February 11, 2000
Lately the news makes me wonder whether someone is switching
my morning paper for one of those gag newspapers you get at the
You know the one with your picture in a barrel going
over Niagara Falls and a headline declaring you the World's Greatest
But it's not the newspapers - it's the news that's getting
James Doohan - Star Trek's Scotty - has fathered a child at
79. The Enterprise may have some rust on it, but apparently the
dilithium crystals can still produce warp drive.
Everyone by now knows that Pam Barrett - Alberta's NDP Leader
- made the front pages last week after having a spiritual experience
under a dentist's anesthetic. After coming to, she said that
she knew she had to "find another path". Typical of
the NDP, she had no idea what that meant or how to get there.
I would have thought that the NDP would be used to this kind
of thing by now - pretty much every election is a near-death
experience for them.
None of which takes away from the fact that Barrett is respected
as a compassionate woman and good parliamentarian - but stop
posing for those Joan of Arc photos. If it was me, I'd pack my
Shroud of Turin beach towel and head south.
Ben Johnson is in Libya working as personal trainer to the
son of leader Moammar Gadhafi. It's nice to see he's finally
getting the respect he deserves as a professional athlete.
In Boulder Colorado the city council has passed an ordinance
that requires residents to pick a sex and not change it more
than three times every year and a half.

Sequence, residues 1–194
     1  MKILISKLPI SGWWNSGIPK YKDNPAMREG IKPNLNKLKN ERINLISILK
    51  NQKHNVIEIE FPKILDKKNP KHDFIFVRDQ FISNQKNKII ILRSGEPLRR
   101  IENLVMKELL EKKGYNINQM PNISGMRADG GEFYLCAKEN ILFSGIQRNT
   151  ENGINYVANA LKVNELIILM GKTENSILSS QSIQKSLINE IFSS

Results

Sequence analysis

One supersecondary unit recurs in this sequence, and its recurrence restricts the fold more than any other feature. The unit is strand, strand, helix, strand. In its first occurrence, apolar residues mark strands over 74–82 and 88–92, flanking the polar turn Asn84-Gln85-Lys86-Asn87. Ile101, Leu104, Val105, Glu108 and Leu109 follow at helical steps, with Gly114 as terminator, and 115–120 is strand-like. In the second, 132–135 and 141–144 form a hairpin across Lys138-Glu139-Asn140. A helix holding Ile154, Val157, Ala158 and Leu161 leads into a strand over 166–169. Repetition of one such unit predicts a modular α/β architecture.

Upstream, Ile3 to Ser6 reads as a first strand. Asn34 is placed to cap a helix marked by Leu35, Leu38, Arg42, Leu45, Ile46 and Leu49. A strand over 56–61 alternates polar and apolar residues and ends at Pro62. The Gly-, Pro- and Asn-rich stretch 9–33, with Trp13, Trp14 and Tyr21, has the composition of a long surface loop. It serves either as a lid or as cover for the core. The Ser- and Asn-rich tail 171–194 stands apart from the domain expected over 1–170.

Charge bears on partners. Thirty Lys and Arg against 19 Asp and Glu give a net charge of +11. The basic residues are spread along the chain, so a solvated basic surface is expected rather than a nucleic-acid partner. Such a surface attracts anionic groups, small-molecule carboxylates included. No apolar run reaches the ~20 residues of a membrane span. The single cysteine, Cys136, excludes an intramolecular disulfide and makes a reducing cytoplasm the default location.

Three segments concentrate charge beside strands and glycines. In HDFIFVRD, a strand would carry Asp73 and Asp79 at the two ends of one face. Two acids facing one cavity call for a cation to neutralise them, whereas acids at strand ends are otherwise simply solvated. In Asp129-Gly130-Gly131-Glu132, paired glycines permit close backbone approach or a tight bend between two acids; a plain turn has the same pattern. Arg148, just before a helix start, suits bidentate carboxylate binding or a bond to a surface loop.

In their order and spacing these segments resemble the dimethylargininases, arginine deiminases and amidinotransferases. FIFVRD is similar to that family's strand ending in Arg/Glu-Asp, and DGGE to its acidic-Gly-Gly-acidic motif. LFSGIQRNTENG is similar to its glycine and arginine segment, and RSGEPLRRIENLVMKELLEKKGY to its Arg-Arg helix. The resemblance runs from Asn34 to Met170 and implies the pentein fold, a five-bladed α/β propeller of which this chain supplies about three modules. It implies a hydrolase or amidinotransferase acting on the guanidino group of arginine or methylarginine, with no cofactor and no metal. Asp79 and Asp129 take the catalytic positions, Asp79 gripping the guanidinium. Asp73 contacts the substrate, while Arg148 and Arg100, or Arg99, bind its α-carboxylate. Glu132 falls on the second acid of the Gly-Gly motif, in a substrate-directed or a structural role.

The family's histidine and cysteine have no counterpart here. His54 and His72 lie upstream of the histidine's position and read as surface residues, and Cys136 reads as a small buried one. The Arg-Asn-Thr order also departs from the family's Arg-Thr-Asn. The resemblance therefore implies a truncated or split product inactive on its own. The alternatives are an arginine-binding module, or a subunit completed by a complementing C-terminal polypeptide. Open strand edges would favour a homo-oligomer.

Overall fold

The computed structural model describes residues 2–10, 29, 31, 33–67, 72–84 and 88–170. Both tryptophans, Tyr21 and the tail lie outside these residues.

Personally, I have enough trouble picking out what clothes
to wear in the morning without going through my wife's closet,
even if it does double my choices.
Everyone has got their knickers in a twist over Austria's
new government that includes Joerg Haider's right wing Freedom
Party. How dare Austria democratically elect someone we don't
like? That's not what democracy is about, is it?
Our Governor General in the newly nicotine free Rideau Hall
gave the Austrian Ambassador a lecture on human rights. It isn't
much, but Austria is now considering a strudel embargo and recalling
Arnold Schwartzenegger's accent in retaliation.
And the War Museum in Ottawa started an unholy fuss about
whether they should sell Hitler's car that sits in their collection.
It might be worth $20 million, and the museum could use the cash.
Jack Granatstein, a respected historian who runs the museum,
worries about two things. First, he worries that people looking
at the big black Mercedes will think that "Hitler must have
been a real cool guy to have such a sharp car."
Right. History would be so much easier to understand if only
the good guys drove cool cars and people like Hitler drove around
in Dodge Darts or Chevy Vegas.
Granatstein is also worried that if they sell Hitler's car,
neo-Nazis would buy it. Then they could use it for propaganda
trips to the Wendy's drive-thru. Like those shaved-headed morons
could scrape together $20 million and figure out how a computer
works long enough to make a bid on Ebay. Puh-lease.
Unless of course there's a certain Austrian politician who
needs something to drive a transgendered Ben Johnson to Scotty